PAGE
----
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The inventive talents of David Roentgen are evident in this exceptionally refined desk. The monogram "DR" inlaid beneath the keyhole on the lower drawer indicates the cabinetmaker's satisfaction with one of his most mechanically ingenuous creations: a single key inserted at different depths unlocks the center drawer, releases the rolltop, or releases the hidden side drawers; if a button is pressed on the underside of these drawers, each swings aside to reveal three other drawers. Above the rolltop, the rectangular structure consists of a single wide drawer. The artist's creativity is evident in the chinoiserie marquetry scenes, created by using minute pieces of naturally colored exotic woods that have a painterly effect.
See Collections to learn more about this desk.
This desk is featured in the exhibition Extravagant Inventions: The Princely Furniture of the Roentgens (on view October 30, 2012–January 27, 2013).
David Roentgen: Long-Case Clock
The Roentgens' Berlin Secretary Cabinet
(00:02:20) 11562 views
Rolltop Desk by David Roentgen: Demonstration
(00:02:17) 18147 views
Rolltop Desk by David Roentgen: Animation
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Plate (one of a pair)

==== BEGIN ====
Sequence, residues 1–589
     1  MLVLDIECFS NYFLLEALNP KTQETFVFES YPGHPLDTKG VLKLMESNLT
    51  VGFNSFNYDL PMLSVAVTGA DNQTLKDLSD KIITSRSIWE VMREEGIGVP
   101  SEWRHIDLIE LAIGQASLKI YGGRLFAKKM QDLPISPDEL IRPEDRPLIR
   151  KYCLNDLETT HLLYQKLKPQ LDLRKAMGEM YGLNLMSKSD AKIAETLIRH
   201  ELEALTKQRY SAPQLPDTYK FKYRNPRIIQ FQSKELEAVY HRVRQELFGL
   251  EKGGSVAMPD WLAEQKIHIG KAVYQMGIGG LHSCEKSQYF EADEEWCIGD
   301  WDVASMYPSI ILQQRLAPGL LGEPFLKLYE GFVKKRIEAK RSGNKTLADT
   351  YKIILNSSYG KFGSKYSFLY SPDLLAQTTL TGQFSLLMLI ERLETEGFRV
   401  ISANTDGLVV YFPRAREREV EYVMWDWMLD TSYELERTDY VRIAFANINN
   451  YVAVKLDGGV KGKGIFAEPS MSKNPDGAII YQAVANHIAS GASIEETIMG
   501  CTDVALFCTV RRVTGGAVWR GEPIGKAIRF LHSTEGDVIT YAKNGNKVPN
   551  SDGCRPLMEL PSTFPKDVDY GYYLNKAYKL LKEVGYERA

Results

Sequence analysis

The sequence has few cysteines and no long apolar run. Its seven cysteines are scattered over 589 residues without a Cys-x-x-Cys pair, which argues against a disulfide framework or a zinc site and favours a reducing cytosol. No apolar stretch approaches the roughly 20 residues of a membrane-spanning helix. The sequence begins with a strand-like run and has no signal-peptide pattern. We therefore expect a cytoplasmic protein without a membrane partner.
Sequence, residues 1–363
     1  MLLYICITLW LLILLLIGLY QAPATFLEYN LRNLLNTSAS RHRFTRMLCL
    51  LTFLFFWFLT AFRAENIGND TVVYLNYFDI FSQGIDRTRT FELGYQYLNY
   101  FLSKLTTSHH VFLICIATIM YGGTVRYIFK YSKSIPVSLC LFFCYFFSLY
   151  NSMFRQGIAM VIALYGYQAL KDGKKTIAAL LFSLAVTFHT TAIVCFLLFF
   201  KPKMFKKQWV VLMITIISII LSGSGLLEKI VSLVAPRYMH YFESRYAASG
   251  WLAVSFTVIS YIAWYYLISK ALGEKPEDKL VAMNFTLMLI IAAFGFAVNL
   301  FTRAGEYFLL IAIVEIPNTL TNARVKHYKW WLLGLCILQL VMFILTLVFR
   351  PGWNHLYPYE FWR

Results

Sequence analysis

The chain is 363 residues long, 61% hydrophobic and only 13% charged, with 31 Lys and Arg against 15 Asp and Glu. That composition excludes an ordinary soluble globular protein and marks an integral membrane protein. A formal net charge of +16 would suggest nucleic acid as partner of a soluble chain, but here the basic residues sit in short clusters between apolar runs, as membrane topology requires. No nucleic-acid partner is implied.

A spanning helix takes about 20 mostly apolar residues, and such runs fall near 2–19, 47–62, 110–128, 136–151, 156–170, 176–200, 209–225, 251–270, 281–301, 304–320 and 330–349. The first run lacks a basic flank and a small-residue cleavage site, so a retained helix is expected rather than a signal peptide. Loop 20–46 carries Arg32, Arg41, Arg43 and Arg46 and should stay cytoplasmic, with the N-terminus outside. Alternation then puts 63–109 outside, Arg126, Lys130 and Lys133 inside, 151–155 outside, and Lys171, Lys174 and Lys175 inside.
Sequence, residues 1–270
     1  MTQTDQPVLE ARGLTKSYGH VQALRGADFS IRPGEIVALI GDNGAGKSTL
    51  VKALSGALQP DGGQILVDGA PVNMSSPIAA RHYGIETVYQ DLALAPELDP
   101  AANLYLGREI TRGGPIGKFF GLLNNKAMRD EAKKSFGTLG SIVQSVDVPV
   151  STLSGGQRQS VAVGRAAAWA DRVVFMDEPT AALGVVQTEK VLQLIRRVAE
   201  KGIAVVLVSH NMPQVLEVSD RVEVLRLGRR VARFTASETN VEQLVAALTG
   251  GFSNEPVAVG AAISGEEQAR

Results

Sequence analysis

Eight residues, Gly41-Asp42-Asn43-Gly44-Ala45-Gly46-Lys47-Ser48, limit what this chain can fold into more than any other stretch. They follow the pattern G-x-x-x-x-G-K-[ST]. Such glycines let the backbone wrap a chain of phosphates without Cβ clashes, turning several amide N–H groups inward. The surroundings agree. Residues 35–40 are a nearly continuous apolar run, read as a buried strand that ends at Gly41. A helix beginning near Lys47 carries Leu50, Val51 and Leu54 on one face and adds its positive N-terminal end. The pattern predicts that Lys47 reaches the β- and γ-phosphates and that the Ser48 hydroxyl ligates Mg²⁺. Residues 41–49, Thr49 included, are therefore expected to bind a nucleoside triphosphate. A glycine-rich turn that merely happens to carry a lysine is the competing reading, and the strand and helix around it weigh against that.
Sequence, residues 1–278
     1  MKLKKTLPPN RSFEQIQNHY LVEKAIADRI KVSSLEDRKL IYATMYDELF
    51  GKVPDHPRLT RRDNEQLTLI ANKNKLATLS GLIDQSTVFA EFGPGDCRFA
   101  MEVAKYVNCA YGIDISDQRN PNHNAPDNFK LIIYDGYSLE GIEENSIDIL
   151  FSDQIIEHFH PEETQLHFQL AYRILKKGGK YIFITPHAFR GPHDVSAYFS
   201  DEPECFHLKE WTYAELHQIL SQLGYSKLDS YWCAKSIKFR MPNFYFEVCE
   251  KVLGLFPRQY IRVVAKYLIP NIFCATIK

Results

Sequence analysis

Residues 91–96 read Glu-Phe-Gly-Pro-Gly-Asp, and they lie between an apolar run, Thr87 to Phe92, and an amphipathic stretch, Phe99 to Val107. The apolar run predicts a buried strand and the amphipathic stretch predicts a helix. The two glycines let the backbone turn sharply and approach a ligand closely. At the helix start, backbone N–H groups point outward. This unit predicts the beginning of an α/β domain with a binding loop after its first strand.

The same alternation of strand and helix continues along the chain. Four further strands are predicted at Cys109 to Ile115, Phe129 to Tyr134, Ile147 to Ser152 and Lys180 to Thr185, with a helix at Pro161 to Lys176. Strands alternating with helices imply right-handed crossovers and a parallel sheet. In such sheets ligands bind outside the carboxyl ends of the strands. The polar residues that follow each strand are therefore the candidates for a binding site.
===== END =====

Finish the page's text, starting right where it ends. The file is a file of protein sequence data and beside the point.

Armorial Plate: Silenus on an ass, supported by Bacchic revelers
Armorial Plate (tondino): The story of King Midas
Large Dish (tagliere): Pope Leo X presenting a baton to Federigo II Gonzaga, marquis of Mantua, on his appointment as captain general of the Church in 1521.
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This artwork is currently on display in Gallery 503
Inscription: On white scroll, in blue: "RVGIERI"Marking: Affixed to underside: red medallion with letter "F" in center (collector's mark)
Joseph Fau (until 1884; sale, Hotel Drouot, Paris, March 1–2, 1884, nos. 15 -16 (65.6.7 and .8, described); Walter von Pannwitz (by 1925) ; Possibly John Edward Taylor ; [ van Pannwitz collection though Stiebel Ltd. ; sold to MMA ]
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